First, 150 parts of deionized water was poured into a polymerization-reaction container which was equipped with an agitator, a thermometer, a monomer-dripping funnel, a reflux condenser, a heating device, and a nitrogen-introduction pipe. Next, at a temperature of 80 degrees, a part of the mixed monomer (A) whose composition ratio was 90:10 of styrene and 2-ethylhexyl acrylate; and 10 parts of 10% ammonium persulfate water solution were poured. Then, 99 parts of above-described mixed monomer (A) was added by dripping as long as three hours, thereby obtaining a seed latex. The particles thus obtained were observed using an electron microscope to measure the diameters of the particles. The diameters showed mono-dispersion of 0.6 micron.

Using the same system, 0.2 parts of seed latex were first added to 250 parts of deionized water, than at a temperature of 80 degrees, 10 parts of 10 % ammonium persulfate water solution and 100 parts of mixed monomer (A) were added by means of dripping for as long as 8 hours; thus latex particles having diameters ranging from 6 to 8 microns were obtained through this seed polymerization.

Next, using the same system, 10 parts of the seed latex was added to 250 parts of deionized water, and at a temperature of 80 degrees, 10 parts of 10% ammonium persulfate water solution was added, and then 110 parts of mixed monomer (B) composed of styrene and tetraethylene-glycol dimethacrylate at a ratio of 85:15 was added by means of dripping for as long as 8 hours; thus resin particle emulsion was obtained. The average particle diameter of the resin particles, obtained by means of using a wet particle size distribution scale (Colter counter TA-II Type; Colter Co., Ltd.), was 25 microns.

(Forming magnetic plated layer)

Prior to executing the plated-layer forming operation, 50% (weight ratio) of deionized water solution comprised of ferrous chloride, manganese chloride, nickel chloride, zinc chloride, ammonium acetate, and also a 10% (weight ratio) of deionized water solution comprised of sodium nitrite were prepared. The above-mentioned three kinds of water solutions were also used in other examples and comparison examples.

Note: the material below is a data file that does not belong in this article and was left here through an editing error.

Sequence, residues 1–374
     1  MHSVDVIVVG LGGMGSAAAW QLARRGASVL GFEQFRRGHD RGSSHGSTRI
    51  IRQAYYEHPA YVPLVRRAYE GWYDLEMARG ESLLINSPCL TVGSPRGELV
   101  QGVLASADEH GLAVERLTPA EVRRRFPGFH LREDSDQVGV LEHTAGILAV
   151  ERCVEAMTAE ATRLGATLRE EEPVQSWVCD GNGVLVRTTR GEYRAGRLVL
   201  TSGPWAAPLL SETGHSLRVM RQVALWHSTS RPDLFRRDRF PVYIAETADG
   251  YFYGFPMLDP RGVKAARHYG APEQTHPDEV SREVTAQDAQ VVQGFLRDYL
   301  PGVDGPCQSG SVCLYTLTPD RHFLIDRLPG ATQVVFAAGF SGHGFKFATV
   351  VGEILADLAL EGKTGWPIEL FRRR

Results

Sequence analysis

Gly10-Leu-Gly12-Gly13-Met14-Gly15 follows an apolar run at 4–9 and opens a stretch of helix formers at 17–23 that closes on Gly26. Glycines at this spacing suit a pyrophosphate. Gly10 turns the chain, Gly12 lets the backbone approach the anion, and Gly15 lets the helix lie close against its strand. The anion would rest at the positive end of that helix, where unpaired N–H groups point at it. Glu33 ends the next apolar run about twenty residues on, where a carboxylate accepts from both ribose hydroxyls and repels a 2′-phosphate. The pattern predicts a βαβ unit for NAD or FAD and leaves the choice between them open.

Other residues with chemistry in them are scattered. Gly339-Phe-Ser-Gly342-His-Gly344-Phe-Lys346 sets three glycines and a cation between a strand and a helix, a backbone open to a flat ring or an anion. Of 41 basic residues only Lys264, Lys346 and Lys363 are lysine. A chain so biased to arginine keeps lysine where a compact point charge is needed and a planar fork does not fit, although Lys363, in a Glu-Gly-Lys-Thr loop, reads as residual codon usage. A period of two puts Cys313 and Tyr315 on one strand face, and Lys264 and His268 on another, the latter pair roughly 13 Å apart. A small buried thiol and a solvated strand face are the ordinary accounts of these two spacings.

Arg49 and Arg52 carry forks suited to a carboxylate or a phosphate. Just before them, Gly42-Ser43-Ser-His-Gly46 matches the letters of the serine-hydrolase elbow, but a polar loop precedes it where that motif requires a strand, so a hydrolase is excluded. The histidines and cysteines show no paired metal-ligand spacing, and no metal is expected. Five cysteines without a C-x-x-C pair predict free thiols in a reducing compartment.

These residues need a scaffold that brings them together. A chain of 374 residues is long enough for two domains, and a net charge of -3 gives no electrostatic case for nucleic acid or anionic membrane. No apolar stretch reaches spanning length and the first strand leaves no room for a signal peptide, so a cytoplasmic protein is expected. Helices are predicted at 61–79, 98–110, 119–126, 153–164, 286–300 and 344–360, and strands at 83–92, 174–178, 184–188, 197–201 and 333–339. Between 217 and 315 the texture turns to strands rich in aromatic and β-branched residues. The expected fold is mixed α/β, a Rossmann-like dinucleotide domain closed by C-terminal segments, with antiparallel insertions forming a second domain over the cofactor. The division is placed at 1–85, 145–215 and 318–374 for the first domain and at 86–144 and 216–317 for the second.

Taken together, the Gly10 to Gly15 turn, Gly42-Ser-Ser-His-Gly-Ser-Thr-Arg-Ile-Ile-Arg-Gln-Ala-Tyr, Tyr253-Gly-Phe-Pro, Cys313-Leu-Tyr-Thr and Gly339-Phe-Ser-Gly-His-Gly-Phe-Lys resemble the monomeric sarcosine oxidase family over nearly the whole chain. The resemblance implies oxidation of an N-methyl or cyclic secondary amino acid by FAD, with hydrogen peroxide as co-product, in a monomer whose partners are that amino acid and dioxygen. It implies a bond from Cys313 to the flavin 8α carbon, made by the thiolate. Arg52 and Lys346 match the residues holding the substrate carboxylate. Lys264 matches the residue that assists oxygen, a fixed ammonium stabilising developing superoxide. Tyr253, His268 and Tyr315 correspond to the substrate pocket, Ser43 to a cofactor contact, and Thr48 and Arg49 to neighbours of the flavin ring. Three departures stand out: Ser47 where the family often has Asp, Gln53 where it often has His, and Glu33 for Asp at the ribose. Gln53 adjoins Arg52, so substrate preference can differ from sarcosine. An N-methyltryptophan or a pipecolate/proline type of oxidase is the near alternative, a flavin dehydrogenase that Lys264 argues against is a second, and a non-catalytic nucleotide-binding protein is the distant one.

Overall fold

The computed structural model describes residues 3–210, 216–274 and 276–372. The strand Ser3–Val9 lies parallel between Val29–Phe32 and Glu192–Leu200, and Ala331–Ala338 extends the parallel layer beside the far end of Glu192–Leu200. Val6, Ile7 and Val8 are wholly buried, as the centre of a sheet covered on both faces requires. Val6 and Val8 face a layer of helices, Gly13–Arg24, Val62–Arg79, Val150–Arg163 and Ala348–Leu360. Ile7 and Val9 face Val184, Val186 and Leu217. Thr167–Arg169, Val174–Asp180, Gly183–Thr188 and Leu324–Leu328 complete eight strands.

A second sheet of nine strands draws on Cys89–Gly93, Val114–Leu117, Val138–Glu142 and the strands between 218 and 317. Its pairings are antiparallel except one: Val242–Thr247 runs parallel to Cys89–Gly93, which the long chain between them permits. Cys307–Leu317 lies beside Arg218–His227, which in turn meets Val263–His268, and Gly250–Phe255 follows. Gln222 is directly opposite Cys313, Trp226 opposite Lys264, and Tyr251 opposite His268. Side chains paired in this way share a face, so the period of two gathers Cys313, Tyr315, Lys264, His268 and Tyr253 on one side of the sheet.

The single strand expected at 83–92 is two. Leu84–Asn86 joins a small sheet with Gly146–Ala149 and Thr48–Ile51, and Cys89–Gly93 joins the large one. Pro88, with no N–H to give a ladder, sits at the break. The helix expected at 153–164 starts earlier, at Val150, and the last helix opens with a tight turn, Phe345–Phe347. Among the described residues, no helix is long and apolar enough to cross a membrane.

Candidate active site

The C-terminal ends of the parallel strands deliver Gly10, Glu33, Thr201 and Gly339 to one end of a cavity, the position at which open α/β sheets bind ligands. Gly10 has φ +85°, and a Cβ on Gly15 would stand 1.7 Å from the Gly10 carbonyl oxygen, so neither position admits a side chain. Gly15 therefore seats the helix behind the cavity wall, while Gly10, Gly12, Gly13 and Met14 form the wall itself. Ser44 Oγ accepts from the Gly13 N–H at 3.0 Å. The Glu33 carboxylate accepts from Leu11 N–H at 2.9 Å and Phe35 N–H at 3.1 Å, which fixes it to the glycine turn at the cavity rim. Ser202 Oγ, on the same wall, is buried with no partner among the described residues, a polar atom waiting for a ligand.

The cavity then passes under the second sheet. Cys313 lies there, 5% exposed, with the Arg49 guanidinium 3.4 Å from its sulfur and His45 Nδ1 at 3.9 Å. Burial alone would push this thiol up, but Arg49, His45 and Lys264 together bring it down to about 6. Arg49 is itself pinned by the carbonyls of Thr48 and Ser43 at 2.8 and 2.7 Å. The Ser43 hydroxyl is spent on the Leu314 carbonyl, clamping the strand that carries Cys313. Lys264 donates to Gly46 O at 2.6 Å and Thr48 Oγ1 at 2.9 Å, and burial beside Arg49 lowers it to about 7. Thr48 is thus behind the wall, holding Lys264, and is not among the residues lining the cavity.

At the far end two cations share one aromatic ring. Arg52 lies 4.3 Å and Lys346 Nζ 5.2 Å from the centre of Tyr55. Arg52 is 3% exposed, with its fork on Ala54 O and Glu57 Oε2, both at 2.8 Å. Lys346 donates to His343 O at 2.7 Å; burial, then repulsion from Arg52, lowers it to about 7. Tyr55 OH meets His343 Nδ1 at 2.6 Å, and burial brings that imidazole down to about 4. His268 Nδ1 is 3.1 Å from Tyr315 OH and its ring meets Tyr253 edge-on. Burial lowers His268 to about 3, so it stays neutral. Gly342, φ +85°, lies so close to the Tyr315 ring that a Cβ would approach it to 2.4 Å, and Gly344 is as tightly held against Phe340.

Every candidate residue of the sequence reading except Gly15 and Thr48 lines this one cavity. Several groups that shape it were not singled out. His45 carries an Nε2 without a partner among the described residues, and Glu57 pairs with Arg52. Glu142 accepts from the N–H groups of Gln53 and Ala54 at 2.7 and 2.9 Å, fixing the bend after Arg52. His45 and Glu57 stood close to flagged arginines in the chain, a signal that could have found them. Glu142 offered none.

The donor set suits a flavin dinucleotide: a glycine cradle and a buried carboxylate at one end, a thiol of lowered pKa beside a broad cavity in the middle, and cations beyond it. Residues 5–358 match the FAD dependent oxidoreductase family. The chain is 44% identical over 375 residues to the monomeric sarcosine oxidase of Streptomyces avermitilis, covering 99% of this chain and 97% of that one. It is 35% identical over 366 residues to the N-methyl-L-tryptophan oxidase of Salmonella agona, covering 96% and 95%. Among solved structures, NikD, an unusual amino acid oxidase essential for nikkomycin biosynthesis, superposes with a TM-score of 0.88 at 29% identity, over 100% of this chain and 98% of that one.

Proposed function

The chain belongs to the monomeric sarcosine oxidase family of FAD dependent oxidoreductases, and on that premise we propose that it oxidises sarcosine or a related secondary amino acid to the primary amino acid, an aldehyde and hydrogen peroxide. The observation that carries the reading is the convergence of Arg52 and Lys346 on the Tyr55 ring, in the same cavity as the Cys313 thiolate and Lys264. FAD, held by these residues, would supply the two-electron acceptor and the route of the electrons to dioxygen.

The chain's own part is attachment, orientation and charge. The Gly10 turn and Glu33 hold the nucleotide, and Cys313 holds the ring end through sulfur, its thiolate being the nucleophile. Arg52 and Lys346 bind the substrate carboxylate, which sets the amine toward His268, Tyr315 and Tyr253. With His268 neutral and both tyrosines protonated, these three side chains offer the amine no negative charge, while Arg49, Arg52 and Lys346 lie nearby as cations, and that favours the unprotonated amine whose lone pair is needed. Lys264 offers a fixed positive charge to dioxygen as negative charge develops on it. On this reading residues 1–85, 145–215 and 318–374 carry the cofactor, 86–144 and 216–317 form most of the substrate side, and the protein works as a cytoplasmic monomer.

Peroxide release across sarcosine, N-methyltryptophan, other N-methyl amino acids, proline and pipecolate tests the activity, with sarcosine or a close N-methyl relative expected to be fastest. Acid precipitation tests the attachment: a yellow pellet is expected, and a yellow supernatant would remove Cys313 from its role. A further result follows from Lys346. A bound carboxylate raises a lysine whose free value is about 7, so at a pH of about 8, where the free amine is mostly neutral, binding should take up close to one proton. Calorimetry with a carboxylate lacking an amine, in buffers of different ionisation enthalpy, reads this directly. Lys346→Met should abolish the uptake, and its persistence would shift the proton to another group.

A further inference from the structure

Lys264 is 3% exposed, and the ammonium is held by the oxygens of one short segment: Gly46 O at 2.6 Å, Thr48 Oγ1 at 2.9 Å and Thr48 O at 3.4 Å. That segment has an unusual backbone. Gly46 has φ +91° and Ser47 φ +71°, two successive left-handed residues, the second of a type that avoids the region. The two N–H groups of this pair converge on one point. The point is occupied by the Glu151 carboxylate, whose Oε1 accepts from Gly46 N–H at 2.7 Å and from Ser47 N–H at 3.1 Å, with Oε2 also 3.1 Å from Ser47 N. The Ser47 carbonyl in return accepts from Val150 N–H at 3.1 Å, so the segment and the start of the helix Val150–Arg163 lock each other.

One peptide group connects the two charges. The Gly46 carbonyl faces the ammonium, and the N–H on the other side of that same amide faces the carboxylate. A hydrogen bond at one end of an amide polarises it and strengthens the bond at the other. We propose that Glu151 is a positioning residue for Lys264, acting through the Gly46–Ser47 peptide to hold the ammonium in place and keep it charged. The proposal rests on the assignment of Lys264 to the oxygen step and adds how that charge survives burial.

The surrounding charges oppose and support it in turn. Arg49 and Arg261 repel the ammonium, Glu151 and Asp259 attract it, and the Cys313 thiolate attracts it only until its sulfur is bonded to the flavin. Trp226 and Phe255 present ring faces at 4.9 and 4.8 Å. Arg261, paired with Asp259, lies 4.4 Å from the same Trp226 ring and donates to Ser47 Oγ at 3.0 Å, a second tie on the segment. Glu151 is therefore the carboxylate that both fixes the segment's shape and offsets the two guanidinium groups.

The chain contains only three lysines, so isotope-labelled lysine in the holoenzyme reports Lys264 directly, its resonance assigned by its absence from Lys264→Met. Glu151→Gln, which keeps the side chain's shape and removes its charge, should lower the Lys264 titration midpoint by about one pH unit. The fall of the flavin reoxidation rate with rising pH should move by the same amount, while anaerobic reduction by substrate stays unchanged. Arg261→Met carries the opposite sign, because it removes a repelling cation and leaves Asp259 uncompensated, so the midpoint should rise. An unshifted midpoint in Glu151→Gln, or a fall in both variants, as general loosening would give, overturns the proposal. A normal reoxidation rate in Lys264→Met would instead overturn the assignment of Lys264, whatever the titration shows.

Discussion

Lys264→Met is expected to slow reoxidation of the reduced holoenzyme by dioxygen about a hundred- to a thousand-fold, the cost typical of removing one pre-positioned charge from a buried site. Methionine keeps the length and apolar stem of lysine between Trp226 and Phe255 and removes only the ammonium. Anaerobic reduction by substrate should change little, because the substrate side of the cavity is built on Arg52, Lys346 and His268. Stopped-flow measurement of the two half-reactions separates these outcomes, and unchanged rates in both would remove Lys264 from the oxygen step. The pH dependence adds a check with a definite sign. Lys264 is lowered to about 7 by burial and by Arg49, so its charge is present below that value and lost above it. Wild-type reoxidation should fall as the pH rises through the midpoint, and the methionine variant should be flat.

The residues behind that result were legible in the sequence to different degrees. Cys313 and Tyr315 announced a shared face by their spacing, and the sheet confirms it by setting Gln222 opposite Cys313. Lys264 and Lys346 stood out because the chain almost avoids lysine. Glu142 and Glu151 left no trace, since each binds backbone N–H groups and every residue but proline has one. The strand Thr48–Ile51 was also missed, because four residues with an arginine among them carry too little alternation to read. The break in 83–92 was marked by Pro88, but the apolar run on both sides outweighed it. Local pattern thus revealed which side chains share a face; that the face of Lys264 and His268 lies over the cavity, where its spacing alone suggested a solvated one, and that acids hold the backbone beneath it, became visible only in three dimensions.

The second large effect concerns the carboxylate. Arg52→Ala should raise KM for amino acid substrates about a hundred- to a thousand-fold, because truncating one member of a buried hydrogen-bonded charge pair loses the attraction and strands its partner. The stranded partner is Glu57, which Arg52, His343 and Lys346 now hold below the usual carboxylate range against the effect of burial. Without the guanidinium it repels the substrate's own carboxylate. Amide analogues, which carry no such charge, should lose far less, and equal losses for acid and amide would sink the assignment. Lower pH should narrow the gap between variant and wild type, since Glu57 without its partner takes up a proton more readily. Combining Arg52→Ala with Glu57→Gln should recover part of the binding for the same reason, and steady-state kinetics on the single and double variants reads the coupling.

A quantity of 100 parts (solid portion 30%) of the above-mentioned emulsion as well as N2 gas were introduced into a magnetic-material generating system which was equipped with an agitator, a thermometer, oxidation agent solution, monomer-dripping funnel, a heating device, and a nitrogen-introduction pipe, whereby the oxygen in the emulsion was deaerated.

Next, 240 prepared parts of ferrous chloride solution (120 parts of solid portion), and 400 parts of ammonium acetate (200 parts of solid portion) were introduced into the system, which were then heated to 70 degrees while those materials were sufficiently agitated and mixed therein. After this, the mixture was modified to a level of pH 7.2 by means of aqueous ammonia while continuing the agitation.

The above-described solution was supplied with 270 parts of (27 parts of solid portion) sodium-nitrite solution by means of dripping for as long as one hour. While executing the dripping process and while the reaction was taking place, nitrogen gas was introduced and agitated in the solution so as to maintain the liquid temperature at 7 C. degrees as well as the pH level from 7.0 to 7.2, thus forming the magnetite over the surface of the particles thereon. Approximately 20 minutes later, the solution was cooled and after repeating the filtration and cleaning using the deionized water, the particles were taken out and dried, thus the magnetic plated particles (I) were obtained. The magnetic plated particles (I) thus obtained underwent an X-ray analysis and were observed by means of an electrcon microscope, whereby it was recognized that a unfiorm magnetite crystalline layer was formed on the surface thereon. The plated particles thus obtained had a sepecific gravity of 2.15, electrical resistance of 2106 ohm cm, and saturation magnetization of 50 emu/g.

(Resin coating)